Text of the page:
That means, though, that we in the wine industry just have to work a little harder at it, right? In my (admittedly limited) experience selling wine to restaurants, I find I have to make it really, really easy for beverage managers to buy even when my wines are a natural fit for the food. If they’re not a no-brainer fit, even more work is in order to create the demand and get back some of the ground that has been defaulted to craft beers. Just wait until you see the pitch I’m coming up with for our own DC-based CHCCs. They won’t know what hit them!


I hate to admit it, because foodies are supposed to love most if not all aspects of food preparation, but I don’t really enjoy grilling. Part of it is that stepping outside in the summer heat of DC to stand over a hot grill isn’t a lot of fun. The other part is that our back yard isn’t the most pleasant place to be anyway, since we’re across the alley from a giant air conditioner for a large apartment building.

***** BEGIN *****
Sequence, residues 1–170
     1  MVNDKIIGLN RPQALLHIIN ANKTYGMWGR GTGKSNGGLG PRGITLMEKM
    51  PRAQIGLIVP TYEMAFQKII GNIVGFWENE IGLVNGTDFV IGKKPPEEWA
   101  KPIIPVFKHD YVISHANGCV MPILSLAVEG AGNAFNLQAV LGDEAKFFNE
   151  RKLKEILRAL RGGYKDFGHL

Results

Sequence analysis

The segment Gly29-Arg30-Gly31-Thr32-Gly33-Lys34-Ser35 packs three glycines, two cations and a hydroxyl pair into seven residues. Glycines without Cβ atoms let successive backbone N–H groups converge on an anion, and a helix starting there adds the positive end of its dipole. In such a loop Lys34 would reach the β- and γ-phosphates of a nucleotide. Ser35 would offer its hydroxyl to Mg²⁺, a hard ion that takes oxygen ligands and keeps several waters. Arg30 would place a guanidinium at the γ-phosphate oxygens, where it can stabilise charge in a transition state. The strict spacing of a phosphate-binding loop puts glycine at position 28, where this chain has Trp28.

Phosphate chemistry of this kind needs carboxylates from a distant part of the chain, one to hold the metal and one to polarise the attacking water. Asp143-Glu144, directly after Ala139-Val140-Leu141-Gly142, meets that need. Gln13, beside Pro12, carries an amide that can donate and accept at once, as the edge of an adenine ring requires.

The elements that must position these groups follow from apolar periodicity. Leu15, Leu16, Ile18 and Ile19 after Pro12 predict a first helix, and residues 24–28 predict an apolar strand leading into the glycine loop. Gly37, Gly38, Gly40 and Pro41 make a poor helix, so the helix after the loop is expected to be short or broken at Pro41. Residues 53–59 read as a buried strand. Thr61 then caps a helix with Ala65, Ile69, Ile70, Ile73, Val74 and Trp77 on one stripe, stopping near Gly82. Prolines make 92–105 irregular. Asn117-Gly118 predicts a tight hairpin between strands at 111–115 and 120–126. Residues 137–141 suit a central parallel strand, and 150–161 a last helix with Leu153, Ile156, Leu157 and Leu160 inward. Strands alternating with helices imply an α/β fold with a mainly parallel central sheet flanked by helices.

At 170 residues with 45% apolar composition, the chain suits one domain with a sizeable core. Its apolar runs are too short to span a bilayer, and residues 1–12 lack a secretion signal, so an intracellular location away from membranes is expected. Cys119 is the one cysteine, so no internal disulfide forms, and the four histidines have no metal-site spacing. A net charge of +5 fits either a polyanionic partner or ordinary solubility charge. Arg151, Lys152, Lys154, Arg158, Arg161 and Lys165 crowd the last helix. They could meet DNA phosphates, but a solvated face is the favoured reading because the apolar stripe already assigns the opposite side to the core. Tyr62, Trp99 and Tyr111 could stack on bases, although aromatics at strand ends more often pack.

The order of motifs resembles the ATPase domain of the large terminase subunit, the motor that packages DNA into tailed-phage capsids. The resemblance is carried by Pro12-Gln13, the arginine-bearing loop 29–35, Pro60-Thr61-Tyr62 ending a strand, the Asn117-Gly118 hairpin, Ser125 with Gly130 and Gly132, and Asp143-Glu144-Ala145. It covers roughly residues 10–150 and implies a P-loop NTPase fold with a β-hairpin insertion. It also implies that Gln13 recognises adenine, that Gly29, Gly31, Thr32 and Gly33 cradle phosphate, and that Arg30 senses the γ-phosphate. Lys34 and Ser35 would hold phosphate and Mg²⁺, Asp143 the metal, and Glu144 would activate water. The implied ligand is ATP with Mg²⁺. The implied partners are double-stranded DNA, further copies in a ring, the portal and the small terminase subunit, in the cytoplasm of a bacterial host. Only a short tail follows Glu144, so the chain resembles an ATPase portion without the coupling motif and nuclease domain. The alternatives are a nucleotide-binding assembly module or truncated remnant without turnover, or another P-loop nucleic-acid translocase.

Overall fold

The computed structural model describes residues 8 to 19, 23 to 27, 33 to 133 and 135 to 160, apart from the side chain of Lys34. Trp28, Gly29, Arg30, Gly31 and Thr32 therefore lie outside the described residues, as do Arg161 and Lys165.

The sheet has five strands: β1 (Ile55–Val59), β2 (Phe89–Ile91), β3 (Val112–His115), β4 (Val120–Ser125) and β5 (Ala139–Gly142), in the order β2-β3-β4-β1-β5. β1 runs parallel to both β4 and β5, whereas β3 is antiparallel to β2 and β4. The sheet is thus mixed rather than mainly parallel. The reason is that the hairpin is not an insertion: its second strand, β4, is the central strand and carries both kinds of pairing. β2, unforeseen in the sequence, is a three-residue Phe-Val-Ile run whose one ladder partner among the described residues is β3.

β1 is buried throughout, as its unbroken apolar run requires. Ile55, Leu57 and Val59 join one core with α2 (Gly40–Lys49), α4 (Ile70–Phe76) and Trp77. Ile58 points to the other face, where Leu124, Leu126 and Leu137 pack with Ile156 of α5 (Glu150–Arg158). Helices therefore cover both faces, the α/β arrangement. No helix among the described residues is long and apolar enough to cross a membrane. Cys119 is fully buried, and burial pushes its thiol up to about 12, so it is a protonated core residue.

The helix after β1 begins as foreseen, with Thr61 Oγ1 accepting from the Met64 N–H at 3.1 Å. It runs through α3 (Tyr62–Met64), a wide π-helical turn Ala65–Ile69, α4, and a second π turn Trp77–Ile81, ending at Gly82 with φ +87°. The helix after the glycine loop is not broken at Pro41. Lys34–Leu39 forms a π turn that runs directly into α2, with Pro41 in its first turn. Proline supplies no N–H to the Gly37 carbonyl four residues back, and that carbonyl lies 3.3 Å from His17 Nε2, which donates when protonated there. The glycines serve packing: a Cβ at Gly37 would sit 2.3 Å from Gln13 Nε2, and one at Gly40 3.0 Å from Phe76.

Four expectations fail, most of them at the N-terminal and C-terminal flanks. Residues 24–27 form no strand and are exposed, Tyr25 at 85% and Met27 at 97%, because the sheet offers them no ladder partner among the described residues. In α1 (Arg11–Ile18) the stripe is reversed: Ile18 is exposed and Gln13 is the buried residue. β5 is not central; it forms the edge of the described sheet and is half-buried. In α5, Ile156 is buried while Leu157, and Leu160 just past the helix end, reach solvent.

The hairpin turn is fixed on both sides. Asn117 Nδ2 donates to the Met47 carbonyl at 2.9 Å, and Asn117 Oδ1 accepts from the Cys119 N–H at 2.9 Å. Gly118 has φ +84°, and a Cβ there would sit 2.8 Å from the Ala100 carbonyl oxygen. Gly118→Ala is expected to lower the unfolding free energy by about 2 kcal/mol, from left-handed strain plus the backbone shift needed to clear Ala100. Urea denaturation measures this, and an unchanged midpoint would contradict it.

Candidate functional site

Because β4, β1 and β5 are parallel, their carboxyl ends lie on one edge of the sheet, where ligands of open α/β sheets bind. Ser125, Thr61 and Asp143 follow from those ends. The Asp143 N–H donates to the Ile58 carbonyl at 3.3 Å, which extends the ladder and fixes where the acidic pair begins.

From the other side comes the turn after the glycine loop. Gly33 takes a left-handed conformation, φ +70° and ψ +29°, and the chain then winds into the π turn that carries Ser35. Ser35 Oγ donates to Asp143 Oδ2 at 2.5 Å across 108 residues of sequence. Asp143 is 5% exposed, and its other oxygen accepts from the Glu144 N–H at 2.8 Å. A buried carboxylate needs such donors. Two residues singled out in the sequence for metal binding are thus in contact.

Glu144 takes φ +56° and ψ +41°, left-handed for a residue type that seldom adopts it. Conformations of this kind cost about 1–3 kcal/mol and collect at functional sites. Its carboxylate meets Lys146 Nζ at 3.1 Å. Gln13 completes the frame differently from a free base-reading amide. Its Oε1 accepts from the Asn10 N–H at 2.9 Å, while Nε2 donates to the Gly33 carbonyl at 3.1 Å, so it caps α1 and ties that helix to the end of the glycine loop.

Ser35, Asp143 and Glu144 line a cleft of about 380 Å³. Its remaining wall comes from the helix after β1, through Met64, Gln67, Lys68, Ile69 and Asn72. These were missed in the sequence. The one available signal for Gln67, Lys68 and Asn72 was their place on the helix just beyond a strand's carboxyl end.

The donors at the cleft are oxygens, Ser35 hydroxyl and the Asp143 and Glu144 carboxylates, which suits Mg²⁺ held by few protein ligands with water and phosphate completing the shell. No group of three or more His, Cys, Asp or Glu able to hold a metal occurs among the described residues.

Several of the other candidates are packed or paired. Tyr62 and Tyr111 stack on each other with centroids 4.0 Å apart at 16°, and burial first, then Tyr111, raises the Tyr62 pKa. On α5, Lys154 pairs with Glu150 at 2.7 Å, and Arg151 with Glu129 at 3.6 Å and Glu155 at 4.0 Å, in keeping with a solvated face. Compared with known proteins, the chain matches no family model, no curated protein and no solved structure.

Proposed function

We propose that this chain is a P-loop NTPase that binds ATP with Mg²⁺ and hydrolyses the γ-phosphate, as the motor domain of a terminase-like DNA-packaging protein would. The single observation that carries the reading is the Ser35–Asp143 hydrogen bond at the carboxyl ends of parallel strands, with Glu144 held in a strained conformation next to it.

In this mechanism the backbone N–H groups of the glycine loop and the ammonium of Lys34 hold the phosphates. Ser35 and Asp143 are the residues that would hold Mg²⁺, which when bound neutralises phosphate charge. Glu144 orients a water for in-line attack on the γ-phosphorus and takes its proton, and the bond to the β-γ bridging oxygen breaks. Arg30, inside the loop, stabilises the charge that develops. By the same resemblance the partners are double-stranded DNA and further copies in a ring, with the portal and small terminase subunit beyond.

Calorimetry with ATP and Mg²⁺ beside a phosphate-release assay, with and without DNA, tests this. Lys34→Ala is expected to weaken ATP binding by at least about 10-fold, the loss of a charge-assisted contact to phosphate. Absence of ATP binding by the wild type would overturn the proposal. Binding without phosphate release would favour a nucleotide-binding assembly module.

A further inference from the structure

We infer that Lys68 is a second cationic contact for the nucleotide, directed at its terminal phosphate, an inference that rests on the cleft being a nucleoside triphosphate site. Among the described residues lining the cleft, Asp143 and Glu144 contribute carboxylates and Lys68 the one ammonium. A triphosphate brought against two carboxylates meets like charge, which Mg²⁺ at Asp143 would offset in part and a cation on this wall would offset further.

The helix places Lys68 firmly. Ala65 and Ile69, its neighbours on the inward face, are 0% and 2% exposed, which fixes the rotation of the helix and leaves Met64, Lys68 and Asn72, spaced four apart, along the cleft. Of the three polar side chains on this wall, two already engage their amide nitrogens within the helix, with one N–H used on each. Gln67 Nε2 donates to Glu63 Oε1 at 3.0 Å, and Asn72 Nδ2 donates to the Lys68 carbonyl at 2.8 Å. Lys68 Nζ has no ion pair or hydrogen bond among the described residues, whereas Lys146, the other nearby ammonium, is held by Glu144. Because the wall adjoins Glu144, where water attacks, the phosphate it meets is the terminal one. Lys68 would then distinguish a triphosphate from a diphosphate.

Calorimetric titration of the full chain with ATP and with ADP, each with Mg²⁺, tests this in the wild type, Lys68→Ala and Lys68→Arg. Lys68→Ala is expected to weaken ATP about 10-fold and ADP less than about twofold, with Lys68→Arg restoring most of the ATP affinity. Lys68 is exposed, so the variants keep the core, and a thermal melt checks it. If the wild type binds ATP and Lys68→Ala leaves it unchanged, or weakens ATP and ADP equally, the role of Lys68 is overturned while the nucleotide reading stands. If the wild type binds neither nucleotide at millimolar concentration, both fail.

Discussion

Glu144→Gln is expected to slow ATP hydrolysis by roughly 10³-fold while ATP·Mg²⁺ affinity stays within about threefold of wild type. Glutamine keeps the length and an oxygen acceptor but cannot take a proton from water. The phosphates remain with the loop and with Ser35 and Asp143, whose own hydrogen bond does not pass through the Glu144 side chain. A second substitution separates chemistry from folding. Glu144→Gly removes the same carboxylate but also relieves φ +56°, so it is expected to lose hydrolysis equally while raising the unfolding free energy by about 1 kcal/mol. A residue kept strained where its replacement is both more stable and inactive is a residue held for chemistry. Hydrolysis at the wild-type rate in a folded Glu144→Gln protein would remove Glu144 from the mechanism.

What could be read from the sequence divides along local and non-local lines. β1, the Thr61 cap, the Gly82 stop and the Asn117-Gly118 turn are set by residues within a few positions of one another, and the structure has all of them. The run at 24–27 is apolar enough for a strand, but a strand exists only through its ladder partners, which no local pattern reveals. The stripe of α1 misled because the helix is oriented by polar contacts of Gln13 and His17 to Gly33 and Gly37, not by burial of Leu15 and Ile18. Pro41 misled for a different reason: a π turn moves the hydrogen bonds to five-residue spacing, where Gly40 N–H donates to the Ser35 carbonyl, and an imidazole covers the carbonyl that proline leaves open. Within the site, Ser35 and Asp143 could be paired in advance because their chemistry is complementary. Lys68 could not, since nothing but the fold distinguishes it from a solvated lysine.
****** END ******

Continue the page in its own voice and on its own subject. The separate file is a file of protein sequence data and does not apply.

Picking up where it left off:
So it’s pretty much indoor cooking around here. The one thing that almost makes me want to grill, though, is fish. Most years we don’t really have spring here in DC — we go from kind of cool and rainy to hot and humid in about a week. So the air conditioning’s on and the windows are closed. Not exactly the environment for cooking something with a smell that can linger.

But I came across a recipe for steamed fish over greens this week, and it worked really well even with the a/c on. Of course, I had to remake it from top to bottom, but the technique adapts to a lot of different fish, greens, and steaming liquids. You’ll need a nonstick skillet big enough to hold the four fish fillets, hopefully with a lid. If there’s no lid, you can cover the pan with foil instead.